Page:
Double Displacement Reactions

Today’s analogy is a little bit rare. You might not have encountered this scenario in your life, and it’s an underused trope in Hollywood, mostly appearing in romantic comedies. Ironically, the type of reaction it will be illustrating, double displacement reactions, are the most common type of chemical reactions. Are you ready for the analogy?

Significant other swaps. I’m not talking forcible swaps, I’m talking about consenting swaps that make more sense when you consider the chemistry of the couple and compatibility of personalities.

Pb & NO – PublicDomainImages
K & I – Pixabay







For example, couple A, a pairing of Pb and NO, is always fighting. NO has been burned by their previous partners and doesn’t trust Pb, a person who is flirtatious and attention-seeking by nature. Those two traits do not mix well, leading to a messy break up that leaves them open to date other people. Meanwhile, couple B, a pairing of K and I, have been slowly inching their way to their own break up. K is goals-oriented and is already thinking ahead to the future, believing I to be their partner for life. This has been scaring I, whose live-in-the-moment philosophy is thrown off by talk of marriage. In an effort to regain some of their freedom, I has been chatting with strangers when I and K go out together. It was not a pretty night when those two split…

But there is hope in this story! Free to date people who compliment their personalities instead of contradicting them, they find happiness with other people instead of the grief they felt with their previous partners. Pb and I, the outgoing and boisterous ones, have a great time living it up in the city while K and NO find comfort and security in each other’s steadfastness. A storybook ending for all four.

Pb & I – BlogSpot
K & NO – Pixabay









Back in the world of chemistry, we find the equation that inspired the above analogy: Pb(NO3)2 + 2KI -> 2KNO3 + PbI2. Looking at it, there are four distinct chemical compounds: lead (Pb), nitrate (NO3), potassium (K), and iodine (I). If you track their locations between the reactants side and the products side, you’ll see they switch partners like in the analogy. Pb ditches NO3 for I, leaving NO3 to pair up with the newly-single K. This is the definition of a double displacement reaction, shown visually by this graphic:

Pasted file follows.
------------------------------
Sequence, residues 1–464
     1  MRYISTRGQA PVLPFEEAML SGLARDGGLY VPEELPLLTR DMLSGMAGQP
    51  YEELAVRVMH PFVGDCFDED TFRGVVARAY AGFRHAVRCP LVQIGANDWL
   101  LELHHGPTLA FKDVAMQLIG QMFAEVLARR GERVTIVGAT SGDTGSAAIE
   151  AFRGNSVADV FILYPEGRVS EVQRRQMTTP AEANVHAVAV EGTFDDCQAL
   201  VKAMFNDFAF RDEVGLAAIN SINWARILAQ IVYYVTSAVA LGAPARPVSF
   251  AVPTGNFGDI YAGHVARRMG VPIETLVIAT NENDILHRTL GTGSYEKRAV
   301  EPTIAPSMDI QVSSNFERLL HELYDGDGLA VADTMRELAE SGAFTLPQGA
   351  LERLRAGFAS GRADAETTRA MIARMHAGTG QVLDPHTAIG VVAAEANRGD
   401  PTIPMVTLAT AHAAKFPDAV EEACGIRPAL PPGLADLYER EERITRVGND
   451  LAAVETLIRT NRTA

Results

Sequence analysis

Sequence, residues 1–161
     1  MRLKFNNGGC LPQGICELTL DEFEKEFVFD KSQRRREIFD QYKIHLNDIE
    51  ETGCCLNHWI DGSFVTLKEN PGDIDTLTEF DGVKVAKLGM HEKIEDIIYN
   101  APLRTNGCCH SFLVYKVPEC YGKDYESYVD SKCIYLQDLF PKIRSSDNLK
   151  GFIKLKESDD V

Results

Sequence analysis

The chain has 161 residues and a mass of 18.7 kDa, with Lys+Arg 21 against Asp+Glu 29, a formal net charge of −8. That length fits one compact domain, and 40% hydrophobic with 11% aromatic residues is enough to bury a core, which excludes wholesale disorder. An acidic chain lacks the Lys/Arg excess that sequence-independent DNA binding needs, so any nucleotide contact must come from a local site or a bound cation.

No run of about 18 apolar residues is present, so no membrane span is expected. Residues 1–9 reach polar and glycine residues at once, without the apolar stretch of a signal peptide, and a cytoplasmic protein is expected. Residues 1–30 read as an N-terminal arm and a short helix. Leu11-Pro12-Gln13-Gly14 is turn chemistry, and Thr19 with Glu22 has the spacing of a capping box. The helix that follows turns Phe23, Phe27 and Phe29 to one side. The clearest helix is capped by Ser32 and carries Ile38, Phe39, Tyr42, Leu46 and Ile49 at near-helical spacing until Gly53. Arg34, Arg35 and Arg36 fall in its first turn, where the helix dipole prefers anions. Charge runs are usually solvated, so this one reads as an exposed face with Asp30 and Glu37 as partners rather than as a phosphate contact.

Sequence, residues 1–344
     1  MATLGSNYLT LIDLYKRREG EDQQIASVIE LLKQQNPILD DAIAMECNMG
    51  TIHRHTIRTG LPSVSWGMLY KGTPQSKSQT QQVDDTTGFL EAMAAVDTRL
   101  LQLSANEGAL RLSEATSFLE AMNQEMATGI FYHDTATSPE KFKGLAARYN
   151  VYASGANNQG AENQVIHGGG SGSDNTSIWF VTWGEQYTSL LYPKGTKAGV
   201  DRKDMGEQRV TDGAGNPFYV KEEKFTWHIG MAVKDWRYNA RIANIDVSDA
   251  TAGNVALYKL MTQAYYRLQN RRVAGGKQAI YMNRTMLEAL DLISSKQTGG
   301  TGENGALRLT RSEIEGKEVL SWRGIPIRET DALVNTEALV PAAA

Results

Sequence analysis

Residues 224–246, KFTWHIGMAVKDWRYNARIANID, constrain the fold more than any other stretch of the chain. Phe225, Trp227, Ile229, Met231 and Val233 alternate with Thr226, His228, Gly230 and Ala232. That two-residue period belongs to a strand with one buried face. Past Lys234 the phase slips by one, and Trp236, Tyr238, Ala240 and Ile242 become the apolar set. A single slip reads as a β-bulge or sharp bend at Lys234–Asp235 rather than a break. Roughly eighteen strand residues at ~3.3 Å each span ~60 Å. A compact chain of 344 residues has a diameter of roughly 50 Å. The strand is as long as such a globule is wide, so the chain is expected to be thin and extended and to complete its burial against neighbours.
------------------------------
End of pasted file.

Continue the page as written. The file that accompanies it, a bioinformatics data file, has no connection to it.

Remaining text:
Cations are from the left side of the periodic table and anions are from the right. In case you forgot, neither can go with the same type, a chemical compound must be cation and anion –

These types of reactions are the most common type in chem labs, generally yielding interesting and easily observable results. In order to make them happen, the solid substances involved are dissolved in water to form a solution of that substance. The water acts as a reaction space, allowing the substances to react without interference from outside elements. Some of these reactions will form a solid substance known as a precipitate, which stands out against the clear solution of most reactions. Those that form a precipitate are known as precipitation reactions, a category of double displacement reactions that is only set apart by its formation of a solid substance.

One example of both double displacement reactions and precipitation reactions is the one described above, between lead nitrate and potassium iodide. It is very often used in textbook illustrations because of its distinctly colored precipitate. The formation of the bright yellow lead iodide is striking and very clear to see against the clear solution it is formed in. To see this reaction in action, click on this representation of swapping: <–>

What’s up next post: An overlapping with double displacement reactions, and the emotions of a break up


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